The Digital Britain Report – YOUR feedback needed

The Digital Future of the country is one we are all passionate about, and have an opinion on.

Unfortunately, it is not looking very healthy at the moment, and Lord Carter’s Digital Britain Report, whilst large and wide ranging, has left many people hugely dissapointed with certain parts of it, more of which we will look at shortly.


So what are the main objectives of the report?

Digital Britain: Five objectives
●     Upgrading and modernising our digital networks – wired, wireless and broadcast – so that Britain has an infrastructure that enables it to remain globally competitive in the digital world;
●     A dynamic investment climate for UK digital content, applications and services, that makes the UK an attractive place for both domestic and inward
investment in our digital economy;
●     UK content for UK users: content of quality and scale that serves the interests, experiences and needs of all UK citizens; in particular impartial news, comment and analysis;
●     Fairness and access for all: universal availability coupled with the skills and digital literacy to enable near-universal participation in the digital economy and digital society; and
●     Developing the infrastructure, skills and take-up to enable the widespread online delivery of public services and business interface with Government.


There are a large number of PDFs available here for you to look at in more detail. From a personal point of view, what concerns us the most, and almost underpins all future online plans and ideas is this:

We will develop plans for a digital Universal Service Commitment to be effective by
2012, delivered by a mixture of fixed and mobile, wired and wireless means. Subject
to further study of the costs and benefits, we will set out our plans for the level of
service which we believe should be universal. We anticipate this consideration will
include options up to 2Mb/s.

Yes, you read that right. 2mb/s. We get that on 3G dongles right now.

The Government Hosted Digital Britain report meeting happened a few days ago in London (report here:

More than £1 billion of taxpayers’ money could be deployed to help to connect 12.5 million small town and rural homes to superfast, 50 megabit broadband next decade, amid fears that Britain’s phone companies are unable to afford to do so.

Surely investment like this is needed to try, and we mean, TRY to catch up with the likes of Korea, who are aiming for a very impressive 1Gbps broadband network. That is 500 times what we in the UK are aspiring to. Pretty depressing reading is it not?

So, getting onto the crux of this post, there are a number of people planning to be at the Leeds Digital Britain Launch Event on Thursday 23rd at The Met Hotel this coming week. The agenda looks like this:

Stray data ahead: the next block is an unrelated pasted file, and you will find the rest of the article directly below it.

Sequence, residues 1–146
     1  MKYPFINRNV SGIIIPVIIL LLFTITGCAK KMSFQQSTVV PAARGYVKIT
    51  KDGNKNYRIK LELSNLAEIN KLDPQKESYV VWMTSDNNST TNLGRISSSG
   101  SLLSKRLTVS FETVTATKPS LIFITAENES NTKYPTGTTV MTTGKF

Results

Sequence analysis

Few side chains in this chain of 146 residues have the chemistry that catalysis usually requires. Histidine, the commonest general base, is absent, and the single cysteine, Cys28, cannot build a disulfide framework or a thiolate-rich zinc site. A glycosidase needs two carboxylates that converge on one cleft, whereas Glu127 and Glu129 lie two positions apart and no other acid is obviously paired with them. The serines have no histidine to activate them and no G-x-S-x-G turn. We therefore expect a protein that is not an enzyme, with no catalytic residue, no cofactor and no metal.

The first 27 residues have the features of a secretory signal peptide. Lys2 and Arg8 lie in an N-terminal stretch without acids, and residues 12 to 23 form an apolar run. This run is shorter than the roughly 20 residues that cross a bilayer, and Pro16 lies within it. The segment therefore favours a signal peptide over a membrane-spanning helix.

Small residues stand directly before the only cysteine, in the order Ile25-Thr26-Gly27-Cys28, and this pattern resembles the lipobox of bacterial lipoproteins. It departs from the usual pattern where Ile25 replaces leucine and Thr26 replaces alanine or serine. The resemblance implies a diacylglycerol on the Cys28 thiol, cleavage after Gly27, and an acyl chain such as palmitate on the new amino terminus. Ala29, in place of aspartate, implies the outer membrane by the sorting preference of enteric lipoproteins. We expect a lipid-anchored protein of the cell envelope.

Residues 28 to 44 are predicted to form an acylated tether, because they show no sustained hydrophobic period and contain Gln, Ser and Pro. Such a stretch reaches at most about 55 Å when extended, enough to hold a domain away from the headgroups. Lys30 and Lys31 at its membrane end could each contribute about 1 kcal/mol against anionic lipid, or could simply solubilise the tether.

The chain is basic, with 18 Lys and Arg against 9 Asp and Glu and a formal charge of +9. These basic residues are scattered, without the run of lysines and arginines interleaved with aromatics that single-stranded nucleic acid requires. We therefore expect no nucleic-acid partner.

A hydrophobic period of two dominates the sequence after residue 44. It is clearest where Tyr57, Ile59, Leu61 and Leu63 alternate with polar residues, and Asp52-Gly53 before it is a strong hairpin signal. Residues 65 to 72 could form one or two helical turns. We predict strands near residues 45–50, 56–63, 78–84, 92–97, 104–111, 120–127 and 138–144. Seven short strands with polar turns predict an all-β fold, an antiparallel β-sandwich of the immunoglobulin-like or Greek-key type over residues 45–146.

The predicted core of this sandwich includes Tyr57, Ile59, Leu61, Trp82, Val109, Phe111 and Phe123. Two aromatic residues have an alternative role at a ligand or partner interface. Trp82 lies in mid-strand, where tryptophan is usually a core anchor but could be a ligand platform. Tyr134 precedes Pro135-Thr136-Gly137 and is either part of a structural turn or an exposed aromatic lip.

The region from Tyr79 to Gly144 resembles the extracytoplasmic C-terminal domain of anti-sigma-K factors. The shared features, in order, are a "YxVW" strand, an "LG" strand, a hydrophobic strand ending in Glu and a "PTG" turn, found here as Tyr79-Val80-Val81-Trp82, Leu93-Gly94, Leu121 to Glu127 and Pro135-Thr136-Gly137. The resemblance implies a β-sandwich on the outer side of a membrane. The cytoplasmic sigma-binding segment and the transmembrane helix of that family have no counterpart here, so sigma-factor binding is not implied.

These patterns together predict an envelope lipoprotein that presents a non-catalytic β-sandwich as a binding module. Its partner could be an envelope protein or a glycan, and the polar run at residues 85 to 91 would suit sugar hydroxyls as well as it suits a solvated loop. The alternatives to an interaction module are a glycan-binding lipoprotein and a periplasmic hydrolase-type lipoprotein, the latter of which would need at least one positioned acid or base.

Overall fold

16.00 Registration and Refreshments
16.45 Stuart McFarlane, Sector Manager, Digital and New Media, Yorkshire Forward
16.55 Samuel Sharp, Director, Digital Britain Report, DBERR
17.10 Robert Ling, Business Improvement Manager, Yorkshire Forward
17.25 Stuart McFarlane, Sector Manager, Digital and New Media, Yorkshire Forward
17.35 Questions and Answers
18.00 Close

It would be very useful to get YOUR feedback here so we can get some collective thoughts about the report which we can try and get across at the meeting.

Please do add your comments below – it is vital that this report gets the feedback it deserves – it is, after all, our digital future, and we certainly don’t want to lumbered with aspirations of 2Mb broadband for the foreseeable future!

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4 Responses to “The Digital Britain Report – YOUR feedback needed”

  1. Anand Verma
    April 19, 2009 at 9:54 pm #

    Where shall I start? The report has many issues — its put us more behind than taking us forward to leading Europe. It lacks commitment and creativity.

  2. GuyJ
    April 19, 2009 at 11:01 pm #

    The fundamental problem with the Digital Britain Interim Report is the mismatch between the entirely laudable aspirations to be world leading so far as Next Gen Access is concerned and the proposed 2012 target of UPTO 2Mbps.

    One interpretation of the cause of this gap between aspiration and proposed fix is that the incumbent telco tail is wagging the body politic –

    in other words, we seem as a society to have a situation whereby the Next Gen endgame is being defined by the comfort zone capabilities of end-of-life technologies that are often under the de-facto monopoly control of the incumbent telecommunications operators.

    In order to realise our aspiration for Next Gen Access, local, regionally, nationally to be world leading then we must look to the…

    World Leaders 🙂

    eg our friends in South Korea – see

    Next Gen leadership is no easy road to follow and the benefits of action far outweigh the price of doing nothing – see

    What is perhaps more important that the technology platform required to deliver Next Gen services is the governance and ownership structure of what is inevitably a monopoly utility – some thoughts here on the Fibrestream perspective

  3. Alan Dalgairns
    April 21, 2009 at 12:08 pm #

    I see Bournemouth will be the first city to get true FTTH to all 88,000 homes with £20m deal with the local council.

    Surely Hull is a good candidate for such a scheme, 250,000 homes could be a tall order!

    Also according to the above blog BT are looking investing in a fibre project to the sum of £1.6bn but not true FTTH.

    Makes you wonder about the above report.

  4. Pam Green
    April 29, 2009 at 7:46 pm #

    Dear Jon, Just letting you know I have seen this posting of yours, sorry a bit late though. I am not computer savvy enough to comment on this so no comment from me.Rod not available to reply at the moment either, sorry!
    See you at next meeting I expect Best Wishes Pam G.

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